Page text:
Spirit Airlines can lift the spirits of people seeking sunshine.
The ultra low-cost carrier (ULCC) operates more than 280 daily
flights between major US cities and popular vacation spots in South
Florida, the Caribbean, and Latin America, serving nearly 50
destinations. It operates an all Airbus fleet of nearly 55
single-aisle aircraft, including A319s, A320s, and A321s. Spirit
capitalizes on an ancillary service model, charging separately for
baggage, advance seat selection, and other travel-related upgrades.
In addition to scheduled service, the company partners with
third-party vendors to offer a slate of vacation packages via its
Spirit's largest maintenance facility is stationed in a leased
facility at FLL under a lease that expires in January 2015. It also
conducts additional maintenance operations in leased facilities in
Detroit; Chicago; Atlantic City, New Jersey; Dallas; and Las Vegas.
Revenue generated from the US accounts for nearly 90% of Spirit's
Sales and Marketing
Spirit Airlines sells through its website, an outsourced call
center, and third-party travel agents. Its spirit.com site accounts
for about two-thirds of sales.
With the Great Recession that decimated the airline industry far
behind it, Spirit is enjoying uncharted growth over the years.
Revenues jumped 25% from $1.32 billion in 2012 to $1.65 in 2013, a
historic milestone for the company. The spike in revenue in 2013
was driven by a 26% increase in passenger revenue. Non-ticket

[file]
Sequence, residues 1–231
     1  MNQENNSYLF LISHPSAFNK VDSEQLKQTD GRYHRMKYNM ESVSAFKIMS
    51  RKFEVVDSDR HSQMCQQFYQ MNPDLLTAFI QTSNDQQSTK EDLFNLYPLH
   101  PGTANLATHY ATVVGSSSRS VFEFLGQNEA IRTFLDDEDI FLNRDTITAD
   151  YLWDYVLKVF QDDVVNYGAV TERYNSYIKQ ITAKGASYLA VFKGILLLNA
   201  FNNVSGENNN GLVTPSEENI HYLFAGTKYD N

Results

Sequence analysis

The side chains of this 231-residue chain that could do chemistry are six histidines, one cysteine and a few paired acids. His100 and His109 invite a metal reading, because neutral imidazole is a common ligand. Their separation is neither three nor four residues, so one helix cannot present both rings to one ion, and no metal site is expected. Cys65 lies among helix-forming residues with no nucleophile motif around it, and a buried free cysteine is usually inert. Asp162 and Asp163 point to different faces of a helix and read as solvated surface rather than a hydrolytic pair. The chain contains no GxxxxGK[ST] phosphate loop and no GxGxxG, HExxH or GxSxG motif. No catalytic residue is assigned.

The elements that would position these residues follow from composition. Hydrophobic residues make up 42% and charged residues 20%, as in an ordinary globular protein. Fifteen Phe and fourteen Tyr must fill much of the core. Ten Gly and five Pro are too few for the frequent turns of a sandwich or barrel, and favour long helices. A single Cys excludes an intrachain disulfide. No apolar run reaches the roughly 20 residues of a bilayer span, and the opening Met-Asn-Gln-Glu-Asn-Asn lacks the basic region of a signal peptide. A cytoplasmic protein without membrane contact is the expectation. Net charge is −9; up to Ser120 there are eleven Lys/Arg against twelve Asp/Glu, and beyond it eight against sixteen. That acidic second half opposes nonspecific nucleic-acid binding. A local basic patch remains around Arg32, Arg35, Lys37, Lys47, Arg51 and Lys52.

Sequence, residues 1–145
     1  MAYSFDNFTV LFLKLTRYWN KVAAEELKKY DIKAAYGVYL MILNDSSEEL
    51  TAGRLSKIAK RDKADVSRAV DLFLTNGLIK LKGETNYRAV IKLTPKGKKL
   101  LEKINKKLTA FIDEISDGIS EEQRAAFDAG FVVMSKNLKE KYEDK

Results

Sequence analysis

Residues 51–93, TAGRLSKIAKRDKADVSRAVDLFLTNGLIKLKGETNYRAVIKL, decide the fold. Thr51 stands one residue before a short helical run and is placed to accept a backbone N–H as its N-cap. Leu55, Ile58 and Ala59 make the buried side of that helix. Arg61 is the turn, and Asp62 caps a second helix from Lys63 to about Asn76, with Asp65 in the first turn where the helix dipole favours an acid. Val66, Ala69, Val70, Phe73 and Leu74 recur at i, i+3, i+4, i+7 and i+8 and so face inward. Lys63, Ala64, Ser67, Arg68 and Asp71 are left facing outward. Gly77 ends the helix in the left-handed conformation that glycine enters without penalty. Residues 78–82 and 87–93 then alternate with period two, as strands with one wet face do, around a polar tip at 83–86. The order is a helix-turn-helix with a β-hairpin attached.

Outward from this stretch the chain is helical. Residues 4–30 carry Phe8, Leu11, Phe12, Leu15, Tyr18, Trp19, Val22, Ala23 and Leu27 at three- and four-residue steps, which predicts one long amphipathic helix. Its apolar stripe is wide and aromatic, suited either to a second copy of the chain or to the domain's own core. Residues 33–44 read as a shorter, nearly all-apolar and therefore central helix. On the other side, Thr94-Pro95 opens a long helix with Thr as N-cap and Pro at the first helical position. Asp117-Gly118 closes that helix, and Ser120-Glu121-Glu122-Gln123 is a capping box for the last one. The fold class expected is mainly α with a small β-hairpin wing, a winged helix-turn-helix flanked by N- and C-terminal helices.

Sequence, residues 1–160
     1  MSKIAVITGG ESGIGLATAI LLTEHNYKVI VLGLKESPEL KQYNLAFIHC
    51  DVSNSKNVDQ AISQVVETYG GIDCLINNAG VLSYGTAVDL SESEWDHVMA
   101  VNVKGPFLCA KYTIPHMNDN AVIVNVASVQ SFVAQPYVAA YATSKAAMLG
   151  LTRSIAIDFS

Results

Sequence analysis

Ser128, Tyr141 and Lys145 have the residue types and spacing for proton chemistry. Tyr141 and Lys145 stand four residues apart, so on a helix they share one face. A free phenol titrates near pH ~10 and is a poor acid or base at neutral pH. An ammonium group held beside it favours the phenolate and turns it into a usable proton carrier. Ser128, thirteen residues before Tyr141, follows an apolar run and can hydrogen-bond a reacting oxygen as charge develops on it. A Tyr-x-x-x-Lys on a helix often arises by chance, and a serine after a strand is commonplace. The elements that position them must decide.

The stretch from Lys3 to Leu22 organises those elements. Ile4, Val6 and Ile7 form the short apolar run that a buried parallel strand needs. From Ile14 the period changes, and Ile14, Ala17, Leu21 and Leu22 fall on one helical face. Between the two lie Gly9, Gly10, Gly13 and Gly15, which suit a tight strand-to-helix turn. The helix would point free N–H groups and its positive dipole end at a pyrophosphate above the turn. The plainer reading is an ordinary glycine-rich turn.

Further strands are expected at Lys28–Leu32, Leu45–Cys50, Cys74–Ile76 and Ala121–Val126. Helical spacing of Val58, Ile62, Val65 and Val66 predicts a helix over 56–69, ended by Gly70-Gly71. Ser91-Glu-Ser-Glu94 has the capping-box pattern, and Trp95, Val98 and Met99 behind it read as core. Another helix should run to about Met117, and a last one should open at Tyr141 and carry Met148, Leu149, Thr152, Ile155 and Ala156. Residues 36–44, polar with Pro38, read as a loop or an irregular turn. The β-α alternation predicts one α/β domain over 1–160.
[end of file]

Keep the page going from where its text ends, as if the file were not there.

revenue also climbed by 25% due to a 24% increase in traffic and an
increase in baggage revenue per passenger flight segment.
Profits also surged 63% from $108 million in 2012 to peak at a
record-shattering $177 million in 2013 due to the higher revenue
and decreased increase expenses. While its cash flow from
operations has fluctuated a bit over the last few years, it
increased by $82 million in 2013 due to larger operating profits
and a slightly higher air traffic liability driven by higher
capacity and future bookings.
To maintain its impressive growth trajectory, Spirit is expanding
its city destination network while also concentrating its resources
on the growing Caribbean and Latin American markets. Like most
carriers within its industry, Spirit's top issue is controlling
costs in order sustain a profit from its low fares.
To this end, the company has moved to an aggressive unbundling
strategy to stimulate passenger demand and revenues. Unbundling
allows passengers to pay separately for products and services that
they want to use. Charging for such extras as onboard beverages and
snacks enables Spirit to offset its low ticket prices as well as
maintain its competitive market presence.